Close relatives, the green and red acouchies (Myoprocta acouchy and Myoprocta exilis) also deserve study. These are smaller animals with longer tails, bearing a little plume of white hairs. Although even more delicate and hypersensitive than agoutis, they can be kept in captivity and breed well. They then become less nervous and are easily handled. Acouchies. show remarkable intelligence and even some affection for those they trust. They frequent rainforests, but are rare or even absent in disturbed areas. Adults weigh up to 1.5 kg.

The general biology (diet, reproduction, activity rhythm), is almost the same as that of the agouti, but they live in smaller home ranges (0.6-1.2 hectares versus 2.5 hectares for the agouti) and travel singly, although belonging to a well-established family unit. Adult males tolerate the juvenile males. They occur only in Colombia, the Guianas, Ecuador, Peru, and Brazil.

Farming methods would probably be the same as for the agoutis, but acouchies always need plant cover.



Agoutis are appropriately sized: a dressed carcass can weigh 1-3 kg. The meat is good, and large commercial undertakings in urban centers could profit from the ready market that already exists.

The animals are prolific: females can produce up to two litters a year, each litter averaging two offspring. In protected areas, populations may grow fast.

These forest dwellers might provide a source of meat and income without destroying the forests in favor of cattle pastures. Also, they thrive in disturbed areas as long as there is some cover.



Experiments in Brazil show that agoutis are highly susceptible to foot-and-mouth disease.

The animals might become pests: they eat the roots, leaves, and fruit of agricultural crops and occasionally damage sugarcane and banana plants. However, current experience suggests that if they escape captivity they are quickly caught by hunters and do not reach pest levels.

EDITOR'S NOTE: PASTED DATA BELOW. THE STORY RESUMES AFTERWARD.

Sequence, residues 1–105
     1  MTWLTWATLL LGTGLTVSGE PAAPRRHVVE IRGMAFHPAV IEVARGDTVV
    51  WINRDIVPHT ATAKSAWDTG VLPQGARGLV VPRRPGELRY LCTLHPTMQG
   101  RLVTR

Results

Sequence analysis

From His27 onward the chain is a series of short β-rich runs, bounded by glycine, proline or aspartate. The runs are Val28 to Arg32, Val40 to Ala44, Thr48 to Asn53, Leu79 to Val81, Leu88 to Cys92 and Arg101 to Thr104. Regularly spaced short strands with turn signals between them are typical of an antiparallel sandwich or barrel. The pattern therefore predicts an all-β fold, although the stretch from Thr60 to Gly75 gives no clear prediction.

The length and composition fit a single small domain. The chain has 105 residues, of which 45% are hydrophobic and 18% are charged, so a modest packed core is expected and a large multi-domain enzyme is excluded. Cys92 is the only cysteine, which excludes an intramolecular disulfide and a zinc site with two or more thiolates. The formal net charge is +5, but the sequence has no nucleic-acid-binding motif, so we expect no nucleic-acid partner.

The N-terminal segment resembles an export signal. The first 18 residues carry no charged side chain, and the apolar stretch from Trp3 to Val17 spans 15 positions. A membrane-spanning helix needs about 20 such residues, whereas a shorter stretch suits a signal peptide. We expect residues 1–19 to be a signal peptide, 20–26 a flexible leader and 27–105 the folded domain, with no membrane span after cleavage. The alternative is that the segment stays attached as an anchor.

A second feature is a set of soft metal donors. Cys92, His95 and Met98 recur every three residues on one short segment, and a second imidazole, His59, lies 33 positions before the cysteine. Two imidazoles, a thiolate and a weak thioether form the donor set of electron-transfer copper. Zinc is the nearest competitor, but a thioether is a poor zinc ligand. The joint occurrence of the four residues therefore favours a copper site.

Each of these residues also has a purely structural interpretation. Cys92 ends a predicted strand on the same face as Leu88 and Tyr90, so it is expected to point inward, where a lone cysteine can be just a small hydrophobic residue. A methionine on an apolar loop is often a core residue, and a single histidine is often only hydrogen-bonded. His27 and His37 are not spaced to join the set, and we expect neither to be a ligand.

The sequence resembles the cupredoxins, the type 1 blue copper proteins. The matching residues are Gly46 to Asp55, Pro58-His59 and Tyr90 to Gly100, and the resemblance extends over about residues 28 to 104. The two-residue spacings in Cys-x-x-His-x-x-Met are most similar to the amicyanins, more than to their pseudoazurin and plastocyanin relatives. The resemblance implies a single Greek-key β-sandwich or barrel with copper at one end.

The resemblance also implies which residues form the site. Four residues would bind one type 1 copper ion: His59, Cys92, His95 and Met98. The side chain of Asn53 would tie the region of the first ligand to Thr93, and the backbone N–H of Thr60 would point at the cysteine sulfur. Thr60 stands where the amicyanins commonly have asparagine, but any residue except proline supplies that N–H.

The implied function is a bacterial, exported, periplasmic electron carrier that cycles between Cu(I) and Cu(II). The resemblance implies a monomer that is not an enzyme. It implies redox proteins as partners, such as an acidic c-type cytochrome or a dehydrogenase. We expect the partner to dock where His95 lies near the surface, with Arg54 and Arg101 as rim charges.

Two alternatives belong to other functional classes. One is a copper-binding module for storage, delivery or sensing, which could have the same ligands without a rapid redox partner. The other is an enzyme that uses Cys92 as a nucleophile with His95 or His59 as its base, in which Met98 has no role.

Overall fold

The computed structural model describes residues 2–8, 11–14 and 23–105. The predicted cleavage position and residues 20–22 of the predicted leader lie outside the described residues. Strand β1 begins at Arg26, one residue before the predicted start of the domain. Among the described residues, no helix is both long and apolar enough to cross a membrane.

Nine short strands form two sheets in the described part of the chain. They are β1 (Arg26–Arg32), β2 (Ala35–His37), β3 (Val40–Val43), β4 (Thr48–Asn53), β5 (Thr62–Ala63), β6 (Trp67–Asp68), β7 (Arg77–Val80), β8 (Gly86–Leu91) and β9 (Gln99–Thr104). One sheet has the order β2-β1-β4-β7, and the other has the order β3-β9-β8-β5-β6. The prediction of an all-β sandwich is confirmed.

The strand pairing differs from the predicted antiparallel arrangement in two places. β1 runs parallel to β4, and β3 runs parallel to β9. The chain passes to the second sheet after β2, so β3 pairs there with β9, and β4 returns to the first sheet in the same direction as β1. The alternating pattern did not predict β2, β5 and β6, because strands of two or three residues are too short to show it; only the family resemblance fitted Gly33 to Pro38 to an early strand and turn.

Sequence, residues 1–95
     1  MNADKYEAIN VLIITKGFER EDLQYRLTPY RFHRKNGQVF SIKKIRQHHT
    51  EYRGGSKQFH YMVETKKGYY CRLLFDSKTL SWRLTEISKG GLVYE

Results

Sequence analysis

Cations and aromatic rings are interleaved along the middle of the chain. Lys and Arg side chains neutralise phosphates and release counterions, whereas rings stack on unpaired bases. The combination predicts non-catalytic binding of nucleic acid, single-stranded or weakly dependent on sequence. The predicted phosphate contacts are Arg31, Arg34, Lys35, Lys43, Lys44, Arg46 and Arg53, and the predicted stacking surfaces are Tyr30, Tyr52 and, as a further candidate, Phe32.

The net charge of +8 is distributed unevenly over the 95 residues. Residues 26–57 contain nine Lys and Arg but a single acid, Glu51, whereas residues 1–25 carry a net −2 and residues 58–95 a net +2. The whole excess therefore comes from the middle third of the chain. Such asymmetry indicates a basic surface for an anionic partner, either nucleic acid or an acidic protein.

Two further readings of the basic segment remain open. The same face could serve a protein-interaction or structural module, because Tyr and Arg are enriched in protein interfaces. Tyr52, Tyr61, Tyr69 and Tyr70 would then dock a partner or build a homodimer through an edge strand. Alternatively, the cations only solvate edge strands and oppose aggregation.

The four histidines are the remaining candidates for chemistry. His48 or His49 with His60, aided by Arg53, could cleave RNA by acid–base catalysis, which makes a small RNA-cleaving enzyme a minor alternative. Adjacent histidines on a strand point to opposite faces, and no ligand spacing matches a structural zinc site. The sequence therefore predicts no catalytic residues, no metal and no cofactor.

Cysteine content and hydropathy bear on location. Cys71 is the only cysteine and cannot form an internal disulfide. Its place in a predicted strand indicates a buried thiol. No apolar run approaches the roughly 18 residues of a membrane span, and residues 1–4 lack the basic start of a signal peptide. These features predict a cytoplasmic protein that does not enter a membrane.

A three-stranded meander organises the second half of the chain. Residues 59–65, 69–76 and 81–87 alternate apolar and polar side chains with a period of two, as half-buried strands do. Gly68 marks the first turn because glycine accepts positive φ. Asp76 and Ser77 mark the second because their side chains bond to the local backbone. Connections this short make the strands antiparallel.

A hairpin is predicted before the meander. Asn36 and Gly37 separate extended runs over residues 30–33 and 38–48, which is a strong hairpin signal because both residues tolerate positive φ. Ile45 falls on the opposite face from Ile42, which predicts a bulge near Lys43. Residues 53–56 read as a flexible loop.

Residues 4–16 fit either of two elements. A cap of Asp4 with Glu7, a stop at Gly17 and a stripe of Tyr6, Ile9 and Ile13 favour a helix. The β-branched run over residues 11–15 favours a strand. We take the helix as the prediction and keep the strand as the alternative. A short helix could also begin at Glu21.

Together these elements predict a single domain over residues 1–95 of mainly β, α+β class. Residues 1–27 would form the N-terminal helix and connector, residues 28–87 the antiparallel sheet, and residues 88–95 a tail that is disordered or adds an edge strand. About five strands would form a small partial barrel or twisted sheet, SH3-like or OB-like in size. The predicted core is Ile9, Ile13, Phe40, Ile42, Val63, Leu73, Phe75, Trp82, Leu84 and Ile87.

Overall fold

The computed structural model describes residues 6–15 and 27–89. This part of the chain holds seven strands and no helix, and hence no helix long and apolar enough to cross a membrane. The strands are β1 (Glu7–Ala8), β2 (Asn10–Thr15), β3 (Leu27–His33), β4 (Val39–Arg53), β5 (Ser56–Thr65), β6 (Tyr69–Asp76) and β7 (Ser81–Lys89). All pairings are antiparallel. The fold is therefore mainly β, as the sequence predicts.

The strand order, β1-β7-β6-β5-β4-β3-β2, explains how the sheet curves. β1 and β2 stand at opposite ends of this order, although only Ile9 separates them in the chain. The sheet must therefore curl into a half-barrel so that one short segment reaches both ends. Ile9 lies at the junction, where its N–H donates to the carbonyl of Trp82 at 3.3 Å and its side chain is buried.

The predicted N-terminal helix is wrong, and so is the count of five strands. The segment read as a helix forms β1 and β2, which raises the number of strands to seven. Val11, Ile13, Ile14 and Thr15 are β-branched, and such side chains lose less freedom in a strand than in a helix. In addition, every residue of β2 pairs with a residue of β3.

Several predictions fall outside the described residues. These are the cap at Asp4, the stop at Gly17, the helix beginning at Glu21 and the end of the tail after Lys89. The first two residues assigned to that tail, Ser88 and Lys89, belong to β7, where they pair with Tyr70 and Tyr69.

Live agoutis have strong-smelling anal glands that may be offensive to breeders or could contaminate the meat if the animals are carelessly handled.

Where the rainforest is destroyed, the agouti population is destroyed. The animals were once well known throughout Latin America, but not anymore. In some areas, therefore, wild breeding stock may not be locally available. Moreover, people may have become sufficiently unfamiliar with them that their value may no longer be appreciated.

In captivity, they can be the prey of large birds such as eagles.



The taxonomy of agouti species needs clarification.

Husbandry experiments are required, including studies on topics such as:

- Nutrition;

- Growth rate;

- Shelters and enclosures;

- Reproduction; and

- Techniques for catching, moving, marketing, and managing the animals.

One area where agoutis might profitably be raised is in enclosures in palm plantations. Palms such as the babassu provide food, shade, and shelter, while fallen and rotten logs offer secure retreats from predators. This deserves investigation.8

Instead of clearing vast areas of rainforest for cattle pasture, as is being done in much of Latin America, people might well "farm" agouties in the forests. Few of the settlers flooding into such regions can afford, let alone raise, beef. Small-scale agouti farming offers a promising and inexpensive alternative that would be gentle on the fragile land.